After a quick interaction with Prime Minister Narendra Modi in Amman, when he was on his way to Ramallah two weeks ago, Jordanian monarch King Abdullah II, will arrive in New Delhi today, at a time when Jordan and indeed all of West Asia are in acute crises.
Jordan shares borders with six countries — Israel, Palestine, Egypt, Saudi Arabia, Syria and Iraq — and thus is affected by developments in its turbulent neighbourhood. As the historic custodian of Islamic sites in Jerusalem now under Israeli occupation, it is also central to the Israel-Palestine issue, particularly since over half its citizens originate from territories that are now part of Israel or occupied by it.
Since the upheavals caused by the Arab Spring from 2011, Jordan has been in the grip of serious domestic and regional confrontations where its concerns relating to extremist Islam at home have coalesced with conflicts in neighbouring Syria. Jordan now views all Islamist groups in monolithic, undifferentiated terms, failing to distinguish moderates from the extremists.
Thus, it sees all its frequent agitations against unemployment and corruption as an existential Islamist threat to the royal order. This has had the effect of pushing several of its marginalised youth to extremist groups involved in the Syrian conflict. In 2014, there were over 2,000 Jordanians among foreign fighters in Syria, holding not just rank-and-file but even leadership positions in Al-Qaeda-affiliated Jabhat al-Nusra. Some of them went across to the Islamic State in 2014-15, though this was reversed later.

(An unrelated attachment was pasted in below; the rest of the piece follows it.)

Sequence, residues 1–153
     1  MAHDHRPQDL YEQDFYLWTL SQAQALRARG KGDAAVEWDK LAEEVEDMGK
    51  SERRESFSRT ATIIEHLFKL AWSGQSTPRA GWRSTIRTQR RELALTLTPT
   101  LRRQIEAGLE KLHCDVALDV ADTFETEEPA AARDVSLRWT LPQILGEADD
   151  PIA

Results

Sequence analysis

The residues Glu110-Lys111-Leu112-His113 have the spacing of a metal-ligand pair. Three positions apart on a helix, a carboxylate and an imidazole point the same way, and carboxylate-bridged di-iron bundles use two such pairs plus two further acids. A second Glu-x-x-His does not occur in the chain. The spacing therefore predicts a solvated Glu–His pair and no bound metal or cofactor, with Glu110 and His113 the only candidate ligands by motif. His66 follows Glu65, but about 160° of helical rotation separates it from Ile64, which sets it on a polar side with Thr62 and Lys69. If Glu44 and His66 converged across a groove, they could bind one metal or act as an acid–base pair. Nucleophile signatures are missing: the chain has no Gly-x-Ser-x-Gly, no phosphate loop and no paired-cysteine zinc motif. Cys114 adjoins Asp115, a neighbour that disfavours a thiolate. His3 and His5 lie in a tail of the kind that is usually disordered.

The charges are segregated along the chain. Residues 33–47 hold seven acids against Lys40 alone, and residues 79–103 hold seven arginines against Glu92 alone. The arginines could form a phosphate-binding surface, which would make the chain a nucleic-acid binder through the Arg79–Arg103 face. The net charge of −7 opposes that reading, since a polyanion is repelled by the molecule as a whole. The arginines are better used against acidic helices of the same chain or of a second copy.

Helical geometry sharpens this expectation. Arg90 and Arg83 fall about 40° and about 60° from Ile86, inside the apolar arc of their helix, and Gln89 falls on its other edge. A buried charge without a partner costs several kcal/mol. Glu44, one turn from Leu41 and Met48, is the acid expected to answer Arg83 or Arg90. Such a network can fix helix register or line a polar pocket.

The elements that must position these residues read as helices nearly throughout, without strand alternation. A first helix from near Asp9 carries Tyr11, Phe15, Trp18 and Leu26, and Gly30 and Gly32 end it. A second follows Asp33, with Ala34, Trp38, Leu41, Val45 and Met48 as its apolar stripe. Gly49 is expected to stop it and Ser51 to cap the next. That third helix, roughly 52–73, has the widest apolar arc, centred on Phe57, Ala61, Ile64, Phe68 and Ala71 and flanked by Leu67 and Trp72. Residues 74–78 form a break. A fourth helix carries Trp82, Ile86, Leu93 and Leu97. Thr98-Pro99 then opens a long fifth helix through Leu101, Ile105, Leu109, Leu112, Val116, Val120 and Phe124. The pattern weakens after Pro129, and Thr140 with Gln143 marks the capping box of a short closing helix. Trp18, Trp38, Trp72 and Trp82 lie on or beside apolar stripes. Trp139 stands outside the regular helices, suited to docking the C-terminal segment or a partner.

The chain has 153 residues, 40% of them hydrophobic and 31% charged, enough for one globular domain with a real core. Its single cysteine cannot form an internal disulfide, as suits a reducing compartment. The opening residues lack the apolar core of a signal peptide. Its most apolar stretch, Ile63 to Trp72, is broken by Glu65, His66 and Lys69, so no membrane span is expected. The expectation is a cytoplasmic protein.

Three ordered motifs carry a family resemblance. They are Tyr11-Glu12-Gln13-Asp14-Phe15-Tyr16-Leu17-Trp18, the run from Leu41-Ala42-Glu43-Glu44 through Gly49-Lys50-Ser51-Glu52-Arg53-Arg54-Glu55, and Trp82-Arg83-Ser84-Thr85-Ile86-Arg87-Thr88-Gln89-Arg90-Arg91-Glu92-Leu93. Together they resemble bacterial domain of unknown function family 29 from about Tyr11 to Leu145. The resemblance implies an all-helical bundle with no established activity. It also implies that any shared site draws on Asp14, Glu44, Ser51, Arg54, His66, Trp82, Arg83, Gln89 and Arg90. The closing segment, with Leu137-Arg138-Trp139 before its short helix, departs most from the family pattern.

These links with jihadi groups have empowered Jordan’s security organisations, principally the General Intelligence Directorate (GID), that have acquired a reputation for setting up a police state in the country and creating a climate of fear, while enjoying near-total freedom from accountability.
The Syrian conflict has saddled Jordan with nearly a million refugees, while opening it to attacks by extremists along the southern border with Syria. Its role is complicated by the fact that in Syria it has to engage with a variety of competing players — the Assad government, Iran, Russia, Israel, the US — and motley groups such as the Hezbollah, numerous Syrian militia and jihadi cohorts.
In July 2017, the US and Russia agreed to set up a de-escalation zone at the Syria-Jordan border, which in November was followed by the tripartite Memorandum of Principles (MoP) that included Jordan. While this has brought relative peace to this region, Jordan remains concerned about the presence of Iranian militia and Hezbollah at its border. It was particularly alarmed by the military confrontation between Israel and Iran on February 10 that was defused by a Putin-Netanyahu telephonic conversation.
A day later, King Abdullah met Putin in Moscow. Their close ties and cooperation on maintaining the de-escalation zone have meant a more accommodative Jordanian posture towards the Assad regime, even as Russia is said to be seeking an extension of Jordanian influence in southern Syria as a buffer between Iran and Israel, while Russia works to bridge the mistrust between the two countries.
In India, King Abdullah will brief Modi on the regional security scenario, but, in keeping with the Indian approach of maintaining ties with West Asian countries that are firmly bilateral and transactional, the principal focus will be on economic cooperation, particularly on increased involvement of the Indian corporate sector in promoting national development projects in Jordan and promoting employment.
However, the two leaders will also exchange views on how youth can be protected from radicalisation and measures that states and societies can take to counter the allure of religious extremism. They will discover that the most effective instrument against radicalisation is sustaining a pluralistic society and providing inclusive economic participation to all sections to all its citizens, without discrimination.